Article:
Previously, Ravetch and co-workers identified Fc fragments that demonstrated efficacy in several murine inflammatory disease models. Subsequently, they identified anti-inflammatory activity in a small subpopulation of IVIG. This subpopulation consisted of IgG with N-linked glycan at Asn297 that contained a terminal sialic acid in α2,6 linkage to the penultimate galactose.3  In the present study, the authors explored the mechanism of the anti-inflammatory activity of 2,6-sialylated Fc. To do so, they used an inflammatory disease model in which mice were injected with sera from K/BxN mice, which spontaneously develop antibody-mediated arthritis and soft-tissue inflammation. K/BxN sera produces quantifiable paw swelling that can be used to measure the therapeutic effect of IVIG. Initial experiments indicated that splenic macrophages were necessary for the efficacy of IVIG in this model. Then the authors searched for a receptor for 2,6-sialylated Fc among candidate macrophage cell surface carbohydrate-binding proteins. The central observation of the paper was that antibodies to the lectin SIGN-R1 inhibited the anti-inflammatory properties of IVIG. Furthermore, IVIG was ineffective in mice lacking SIGN-R1. Additionally, sialylated Fc bound poorly to a macrophage cell line lacking SIGN-R1 compared to a cell line expressing SIGN-R1. Adoptive transfer of splenocytes from normal (C57BL/6), IVIG-treated mice to SIGN-R1 knockout mice protected against K/BxN sera challenge. However, adoptive transfer was ineffective in mice lacking FcγRIIb. This result indicates that macrophages containing FcγRIIb are the effector cells in the anti-inflammatory response mediated by IVIG. 

Humans do not have SIGN-R1, but express a related molecule, DC-SIGN, which contains a carbohydrate recognition domain that is homologous to SIGN-R1. In contrast to SIGN-R1, which is expressed on macrophages, DC-SIGN is expressed in dendritic cells. Heterologous expression of SIGN-R1 or DC-SIGN in Chinese hamster ovary cell lines resulted in saturable binding of sialylated Fc. This binding was inhibited by mannan, which is consistent with the proposal that Fc binding by SIGN-R1 and DC-SIGN includes recognition of the penultimate mannose in the sialylated glycan.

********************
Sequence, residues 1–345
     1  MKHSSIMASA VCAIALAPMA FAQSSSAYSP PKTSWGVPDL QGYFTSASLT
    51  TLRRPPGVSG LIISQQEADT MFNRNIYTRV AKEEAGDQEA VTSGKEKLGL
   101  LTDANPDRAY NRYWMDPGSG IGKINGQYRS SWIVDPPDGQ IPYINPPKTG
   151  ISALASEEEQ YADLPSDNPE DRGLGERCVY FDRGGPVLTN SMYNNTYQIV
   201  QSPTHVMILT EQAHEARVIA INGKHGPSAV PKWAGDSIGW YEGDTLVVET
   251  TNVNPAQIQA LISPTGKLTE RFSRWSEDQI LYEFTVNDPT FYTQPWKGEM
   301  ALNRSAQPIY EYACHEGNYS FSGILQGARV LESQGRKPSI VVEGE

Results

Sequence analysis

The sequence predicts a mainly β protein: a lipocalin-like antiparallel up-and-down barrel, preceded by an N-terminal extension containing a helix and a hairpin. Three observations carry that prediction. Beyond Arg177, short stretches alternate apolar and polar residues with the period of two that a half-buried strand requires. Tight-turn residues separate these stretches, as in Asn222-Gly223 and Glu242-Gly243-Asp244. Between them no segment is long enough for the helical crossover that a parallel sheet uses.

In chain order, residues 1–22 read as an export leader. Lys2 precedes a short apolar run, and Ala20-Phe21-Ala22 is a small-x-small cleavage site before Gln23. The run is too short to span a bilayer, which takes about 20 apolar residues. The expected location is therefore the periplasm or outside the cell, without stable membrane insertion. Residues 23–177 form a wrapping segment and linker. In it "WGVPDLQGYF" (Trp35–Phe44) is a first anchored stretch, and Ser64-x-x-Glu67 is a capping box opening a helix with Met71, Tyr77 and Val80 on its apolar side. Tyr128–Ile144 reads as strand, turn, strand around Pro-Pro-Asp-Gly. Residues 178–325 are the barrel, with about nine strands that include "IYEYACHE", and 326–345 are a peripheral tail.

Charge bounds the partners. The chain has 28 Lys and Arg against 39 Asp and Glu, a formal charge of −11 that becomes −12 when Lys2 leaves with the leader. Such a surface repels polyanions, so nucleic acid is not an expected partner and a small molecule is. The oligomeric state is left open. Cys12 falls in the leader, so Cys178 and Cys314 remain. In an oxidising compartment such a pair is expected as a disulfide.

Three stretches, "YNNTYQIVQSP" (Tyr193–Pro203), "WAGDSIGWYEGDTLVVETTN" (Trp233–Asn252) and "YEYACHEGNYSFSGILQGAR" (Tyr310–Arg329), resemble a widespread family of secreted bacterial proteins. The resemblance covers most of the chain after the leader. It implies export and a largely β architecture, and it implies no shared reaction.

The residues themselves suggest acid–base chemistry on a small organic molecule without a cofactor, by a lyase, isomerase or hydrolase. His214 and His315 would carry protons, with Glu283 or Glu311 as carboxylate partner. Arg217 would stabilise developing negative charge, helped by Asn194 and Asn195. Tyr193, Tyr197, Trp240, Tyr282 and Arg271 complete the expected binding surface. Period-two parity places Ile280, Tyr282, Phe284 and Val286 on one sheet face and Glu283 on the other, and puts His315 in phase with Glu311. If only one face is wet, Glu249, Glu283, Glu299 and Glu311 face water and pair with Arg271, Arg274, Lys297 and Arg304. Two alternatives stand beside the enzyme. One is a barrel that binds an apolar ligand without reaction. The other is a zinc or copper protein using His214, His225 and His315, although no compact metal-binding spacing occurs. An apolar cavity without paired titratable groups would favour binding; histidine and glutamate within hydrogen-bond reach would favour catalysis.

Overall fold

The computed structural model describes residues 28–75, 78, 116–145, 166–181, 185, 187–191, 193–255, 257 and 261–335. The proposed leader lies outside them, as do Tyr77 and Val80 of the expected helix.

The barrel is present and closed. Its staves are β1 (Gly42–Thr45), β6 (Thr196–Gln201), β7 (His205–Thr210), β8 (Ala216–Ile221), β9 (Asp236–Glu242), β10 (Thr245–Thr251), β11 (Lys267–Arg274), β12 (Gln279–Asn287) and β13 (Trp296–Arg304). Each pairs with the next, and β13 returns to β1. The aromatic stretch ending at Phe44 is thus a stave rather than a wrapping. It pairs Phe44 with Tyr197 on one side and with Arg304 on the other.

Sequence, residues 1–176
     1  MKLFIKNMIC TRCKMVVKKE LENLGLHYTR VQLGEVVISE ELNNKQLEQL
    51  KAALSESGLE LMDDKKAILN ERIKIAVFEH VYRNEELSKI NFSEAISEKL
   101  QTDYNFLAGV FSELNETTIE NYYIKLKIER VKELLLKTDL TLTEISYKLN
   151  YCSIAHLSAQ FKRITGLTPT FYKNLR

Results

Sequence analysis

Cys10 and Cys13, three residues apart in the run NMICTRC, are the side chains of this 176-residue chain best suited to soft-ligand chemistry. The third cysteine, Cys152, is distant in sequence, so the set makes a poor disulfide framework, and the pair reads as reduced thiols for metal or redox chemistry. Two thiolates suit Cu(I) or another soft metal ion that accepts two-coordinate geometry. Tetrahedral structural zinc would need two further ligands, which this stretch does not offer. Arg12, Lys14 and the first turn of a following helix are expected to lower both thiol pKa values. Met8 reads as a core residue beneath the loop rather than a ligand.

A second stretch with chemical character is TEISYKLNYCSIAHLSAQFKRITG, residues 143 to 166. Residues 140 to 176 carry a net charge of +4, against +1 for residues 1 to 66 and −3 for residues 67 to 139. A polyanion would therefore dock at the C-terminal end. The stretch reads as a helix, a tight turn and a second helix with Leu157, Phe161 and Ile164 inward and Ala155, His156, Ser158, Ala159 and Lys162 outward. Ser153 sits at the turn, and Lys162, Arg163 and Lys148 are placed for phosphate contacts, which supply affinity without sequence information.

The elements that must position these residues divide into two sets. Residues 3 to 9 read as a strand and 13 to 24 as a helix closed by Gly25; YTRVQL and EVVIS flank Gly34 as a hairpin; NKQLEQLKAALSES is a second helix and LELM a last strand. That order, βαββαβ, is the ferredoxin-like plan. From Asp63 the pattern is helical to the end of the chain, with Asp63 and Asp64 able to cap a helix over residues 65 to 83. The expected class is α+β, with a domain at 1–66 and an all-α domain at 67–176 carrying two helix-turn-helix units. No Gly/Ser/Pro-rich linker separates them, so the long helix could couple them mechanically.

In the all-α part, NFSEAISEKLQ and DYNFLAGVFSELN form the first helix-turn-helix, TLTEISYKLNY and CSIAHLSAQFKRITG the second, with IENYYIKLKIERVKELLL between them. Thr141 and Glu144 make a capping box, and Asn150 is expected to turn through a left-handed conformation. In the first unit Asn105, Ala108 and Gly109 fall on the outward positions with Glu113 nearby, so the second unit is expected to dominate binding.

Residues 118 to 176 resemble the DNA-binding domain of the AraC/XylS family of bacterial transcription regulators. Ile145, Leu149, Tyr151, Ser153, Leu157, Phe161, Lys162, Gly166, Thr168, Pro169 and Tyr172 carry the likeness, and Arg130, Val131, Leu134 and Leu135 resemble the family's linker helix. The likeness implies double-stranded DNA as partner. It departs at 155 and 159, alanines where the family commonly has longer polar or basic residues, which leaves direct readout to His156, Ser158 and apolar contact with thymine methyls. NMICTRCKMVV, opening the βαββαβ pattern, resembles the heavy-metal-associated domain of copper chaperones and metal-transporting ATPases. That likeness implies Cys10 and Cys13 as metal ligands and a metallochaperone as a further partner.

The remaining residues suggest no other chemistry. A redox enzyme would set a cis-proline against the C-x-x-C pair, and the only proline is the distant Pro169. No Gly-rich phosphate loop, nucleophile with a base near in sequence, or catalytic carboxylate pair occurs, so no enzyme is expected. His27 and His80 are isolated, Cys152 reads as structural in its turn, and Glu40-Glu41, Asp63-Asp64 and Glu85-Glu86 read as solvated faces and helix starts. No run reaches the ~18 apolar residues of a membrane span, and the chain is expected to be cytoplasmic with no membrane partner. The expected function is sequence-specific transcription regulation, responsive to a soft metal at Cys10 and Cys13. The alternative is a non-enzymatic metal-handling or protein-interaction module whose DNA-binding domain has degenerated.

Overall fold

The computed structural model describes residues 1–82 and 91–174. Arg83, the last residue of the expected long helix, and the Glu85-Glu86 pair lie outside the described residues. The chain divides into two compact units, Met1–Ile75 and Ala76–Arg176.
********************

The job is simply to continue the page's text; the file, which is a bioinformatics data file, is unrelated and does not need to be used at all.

In Brief

The results of this study provide new insight into the anti-inflammatory properties of IVIG and identify a novel pathway that potentially could be targeted in the treatment of autoimmune diseases.

References

References
1.
Grundbacher FJ. Behring’s discovery of diphtheria and tetanus antitoxins. Immunology Today. 1992;13:188-90.
2.
Imbach P, Barandun S, d'Apuzzo V, et al. High-dose intravenous gammaglobulin for idiopathic thrombocytopenic purpura in childhood. Lancet. 1981;1;1228-31.
3.
Anthony RM, Nimmerjahn F, Ashline DJ, et al. Recapitulation of IVIG anti-inflammatory activity with a recombinant IgG Fc. Science. 2008;320:373-6.

Competing Interests

Dr. Lollar indicated no relevant conflicts of interest.